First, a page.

A collection is an ordered group of elements, all of the same data type and are called elements. Each element is addressed by a unique subscript that represents its position in the collection. You access each element by its unique subscript.
PL/SQL has three collection types,
- An associative array (or index-by table)
- Nested table
- Variable-size array (varray)
Oracle documentation provides the following characteristics for each type of collections
|Collection Type||Number of Elements||Subscript Type||Dense or Sparse||Where Created||Can Be Object Type Attribute|
|An associative array (or index-by table)||Unbounded||String or integer||Either||Only in PL/SQL block||No|
|Nested table||Unbounded||Integer||Starts dense, can become sparse||Either in PL/SQL block or at the schema level||Yes|
|Variable-size array (varray)||Bounded||Integer||Always dense||Either in PL/SQL block or at the schema level||Yes|
Unbounded – there is no limit to the number of elements in the collection.
Dense means that the collection has no gaps between elements – every element between the first and last element is defined and has a value (which can be NULL).
We have already discussed varray in the chapter ‘PL/SQL – Arrays’.
Associative Arrays (Index-By Tables)
An associative array (also called an index-by table) is a set of key-value pairs. Each key is unique and is used to locate the corresponding value. The key can be either an integer or a string.
TYPE type_name IS TABLE OF element_type [NOT NULL] INDEX BY subscript_type; table_name type_name;
Nested Table Collections
A nested table is like a one-dimensional array with an arbitrary number of elements.
A nested table differs from an array in these important ways:
- An array has a declared number of elements, but a nested table does not. The size of a nested table can increase dynamically.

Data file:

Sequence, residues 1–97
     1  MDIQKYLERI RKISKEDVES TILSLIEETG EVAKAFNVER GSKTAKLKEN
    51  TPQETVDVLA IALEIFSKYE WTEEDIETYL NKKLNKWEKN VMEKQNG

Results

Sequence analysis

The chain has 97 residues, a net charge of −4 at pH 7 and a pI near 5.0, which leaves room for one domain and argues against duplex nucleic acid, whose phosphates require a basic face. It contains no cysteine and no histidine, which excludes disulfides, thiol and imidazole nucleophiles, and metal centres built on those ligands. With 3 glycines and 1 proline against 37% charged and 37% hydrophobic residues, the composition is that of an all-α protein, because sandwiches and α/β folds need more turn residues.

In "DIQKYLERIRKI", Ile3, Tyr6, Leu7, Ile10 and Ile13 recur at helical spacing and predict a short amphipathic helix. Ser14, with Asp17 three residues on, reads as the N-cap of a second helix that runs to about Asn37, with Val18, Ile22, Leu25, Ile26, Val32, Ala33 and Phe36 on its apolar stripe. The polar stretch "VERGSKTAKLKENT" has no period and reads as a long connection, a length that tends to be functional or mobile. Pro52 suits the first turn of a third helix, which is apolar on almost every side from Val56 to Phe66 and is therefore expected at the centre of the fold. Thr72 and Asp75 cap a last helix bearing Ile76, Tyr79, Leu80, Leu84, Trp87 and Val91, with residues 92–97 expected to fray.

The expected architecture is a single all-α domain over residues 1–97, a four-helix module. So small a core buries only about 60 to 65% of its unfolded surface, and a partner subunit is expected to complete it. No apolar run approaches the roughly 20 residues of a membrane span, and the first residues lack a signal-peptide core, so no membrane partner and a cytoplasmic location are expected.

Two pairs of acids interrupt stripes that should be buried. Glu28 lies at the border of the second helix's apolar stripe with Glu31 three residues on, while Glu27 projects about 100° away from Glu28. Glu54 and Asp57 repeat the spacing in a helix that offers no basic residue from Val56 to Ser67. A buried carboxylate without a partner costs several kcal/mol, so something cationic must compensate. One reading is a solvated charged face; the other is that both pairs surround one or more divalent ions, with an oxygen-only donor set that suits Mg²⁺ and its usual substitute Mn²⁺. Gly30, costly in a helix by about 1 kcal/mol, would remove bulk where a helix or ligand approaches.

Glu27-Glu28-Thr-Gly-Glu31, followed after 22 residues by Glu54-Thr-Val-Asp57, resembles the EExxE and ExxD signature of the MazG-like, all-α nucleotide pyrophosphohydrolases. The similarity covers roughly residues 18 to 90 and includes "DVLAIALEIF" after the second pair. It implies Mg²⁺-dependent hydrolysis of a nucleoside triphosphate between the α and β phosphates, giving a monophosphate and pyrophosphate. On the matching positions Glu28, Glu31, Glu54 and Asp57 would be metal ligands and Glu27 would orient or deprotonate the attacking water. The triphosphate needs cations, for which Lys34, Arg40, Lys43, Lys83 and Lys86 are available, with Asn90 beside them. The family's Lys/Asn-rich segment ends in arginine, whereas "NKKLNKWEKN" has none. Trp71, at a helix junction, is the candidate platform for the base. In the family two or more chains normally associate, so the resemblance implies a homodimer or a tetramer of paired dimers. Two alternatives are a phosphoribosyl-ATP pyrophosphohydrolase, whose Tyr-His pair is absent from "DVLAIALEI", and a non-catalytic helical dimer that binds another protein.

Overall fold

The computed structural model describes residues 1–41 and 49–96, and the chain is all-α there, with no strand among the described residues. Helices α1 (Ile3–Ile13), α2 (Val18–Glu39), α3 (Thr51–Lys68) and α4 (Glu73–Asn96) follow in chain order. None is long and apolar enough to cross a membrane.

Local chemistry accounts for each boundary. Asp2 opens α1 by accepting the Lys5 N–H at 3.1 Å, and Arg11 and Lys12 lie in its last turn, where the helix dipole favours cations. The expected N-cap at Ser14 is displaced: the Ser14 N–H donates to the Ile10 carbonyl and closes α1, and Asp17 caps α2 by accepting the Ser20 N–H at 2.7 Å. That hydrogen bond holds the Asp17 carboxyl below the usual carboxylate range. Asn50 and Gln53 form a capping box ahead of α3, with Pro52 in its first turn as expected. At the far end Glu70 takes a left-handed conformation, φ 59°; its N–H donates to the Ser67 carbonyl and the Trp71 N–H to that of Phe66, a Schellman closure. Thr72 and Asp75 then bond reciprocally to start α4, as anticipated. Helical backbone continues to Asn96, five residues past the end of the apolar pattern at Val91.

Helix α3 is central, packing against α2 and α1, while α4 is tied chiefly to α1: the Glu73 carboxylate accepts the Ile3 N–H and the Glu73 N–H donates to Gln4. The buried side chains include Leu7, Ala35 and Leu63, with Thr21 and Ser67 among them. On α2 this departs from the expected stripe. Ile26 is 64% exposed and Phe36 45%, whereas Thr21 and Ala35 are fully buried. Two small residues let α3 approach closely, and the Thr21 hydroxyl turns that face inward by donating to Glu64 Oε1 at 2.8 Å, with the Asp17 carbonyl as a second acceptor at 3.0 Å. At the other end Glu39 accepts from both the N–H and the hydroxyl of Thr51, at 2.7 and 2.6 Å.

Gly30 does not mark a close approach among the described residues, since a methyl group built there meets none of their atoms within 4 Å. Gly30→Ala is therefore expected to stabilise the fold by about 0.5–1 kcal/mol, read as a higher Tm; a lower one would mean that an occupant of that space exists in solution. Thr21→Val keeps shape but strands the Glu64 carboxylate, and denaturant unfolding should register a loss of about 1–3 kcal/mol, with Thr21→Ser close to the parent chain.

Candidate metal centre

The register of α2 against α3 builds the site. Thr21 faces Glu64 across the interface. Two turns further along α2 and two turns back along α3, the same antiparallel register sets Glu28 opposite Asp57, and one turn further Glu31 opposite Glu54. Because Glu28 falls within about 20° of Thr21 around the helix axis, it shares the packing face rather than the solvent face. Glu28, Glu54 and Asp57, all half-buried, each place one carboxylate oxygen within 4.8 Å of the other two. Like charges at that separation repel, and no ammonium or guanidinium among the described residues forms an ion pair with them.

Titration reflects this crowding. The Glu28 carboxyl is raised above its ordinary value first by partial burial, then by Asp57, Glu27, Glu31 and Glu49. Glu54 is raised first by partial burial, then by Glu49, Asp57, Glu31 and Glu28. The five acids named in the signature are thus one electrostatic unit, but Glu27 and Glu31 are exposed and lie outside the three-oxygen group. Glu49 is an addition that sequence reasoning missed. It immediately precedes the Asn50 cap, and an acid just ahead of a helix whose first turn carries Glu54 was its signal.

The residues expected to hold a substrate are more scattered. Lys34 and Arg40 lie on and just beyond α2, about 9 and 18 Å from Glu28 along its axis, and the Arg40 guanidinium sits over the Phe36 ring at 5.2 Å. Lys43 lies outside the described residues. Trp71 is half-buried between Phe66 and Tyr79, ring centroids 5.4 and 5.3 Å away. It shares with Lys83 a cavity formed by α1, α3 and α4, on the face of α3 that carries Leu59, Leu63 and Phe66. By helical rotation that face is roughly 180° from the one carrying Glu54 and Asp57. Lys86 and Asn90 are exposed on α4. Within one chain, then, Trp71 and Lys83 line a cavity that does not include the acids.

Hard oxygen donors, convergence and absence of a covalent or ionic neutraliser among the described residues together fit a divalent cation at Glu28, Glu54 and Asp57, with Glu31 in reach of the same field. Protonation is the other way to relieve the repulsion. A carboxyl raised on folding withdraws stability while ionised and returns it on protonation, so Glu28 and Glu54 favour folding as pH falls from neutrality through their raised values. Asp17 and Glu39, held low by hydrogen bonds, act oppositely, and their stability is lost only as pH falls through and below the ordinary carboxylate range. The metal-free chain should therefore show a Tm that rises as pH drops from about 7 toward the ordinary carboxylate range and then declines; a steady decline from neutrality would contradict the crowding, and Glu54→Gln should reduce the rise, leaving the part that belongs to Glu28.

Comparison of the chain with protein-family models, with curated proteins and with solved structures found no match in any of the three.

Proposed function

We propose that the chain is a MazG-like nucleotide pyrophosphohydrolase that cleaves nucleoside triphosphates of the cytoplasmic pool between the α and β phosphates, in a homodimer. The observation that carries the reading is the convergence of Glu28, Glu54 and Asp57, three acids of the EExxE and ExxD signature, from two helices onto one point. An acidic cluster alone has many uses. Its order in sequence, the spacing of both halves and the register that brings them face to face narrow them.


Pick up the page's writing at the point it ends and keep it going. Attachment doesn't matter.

- An array is always dense (that is, it always has consecutive subscripts). A nested array is dense initially, but it can become sparse because you can delete elements from it.
TYPE type_name IS TABLE OF element_type [NOT NULL]; table_name type_name;
This declaration is similar to the declaration of an index-by table, but there is no INDEX BY clause.
A collection method is a built-in PL/SQL subprogram that returns information about a collection or operates on a collection. Collection methods make collections easier to use and make your applications easier to maintain.
The following table lists the methods and their purpose
|EXISTS(n)||Returns TRUE if the nth element in a collection exists; otherwise returns FALSE.|
|COUNT||Returns the number of elements that a collection currently contains.|
|LIMIT||Checks the maximum size of a collection.|
|FIRST||Returns the first (smallest) index numbers in a collection that uses the integer subscripts.|
|LAST||Returns the last (largest) index numbers in a collection that uses the integer subscripts.|
|PRIOR(n)||Returns the index number that precedes index n in a collection.|
|NEXT(n)||Returns the index number that succeeds index n.|
|EXTEND||Appends one null element to a collection.|
|EXTEND(n)||Appends n null elements to a collection.|
|EXTEND(n,i)||Appends n copies of the ith element to a collection.|
|TRIM||Removes one element from the end of a collection.|
|TRIM(n)||Removes n elements from the end of a collection.|
|DELETE||Removes all elements from a collection, setting COUNT to 0.|
|DELETE(n)||Removes the nth element from an associative array with a numeric key or a nested table. If the associative array has a string key, the element corresponding to the key value is deleted. If n is null, DELETE(n) does nothing.|
|DELETE(m,n)||Removes all elements in the range m..n from an associative array or nested table. If m is larger than n or if m or n is null, DELETE(m,n) does nothing.|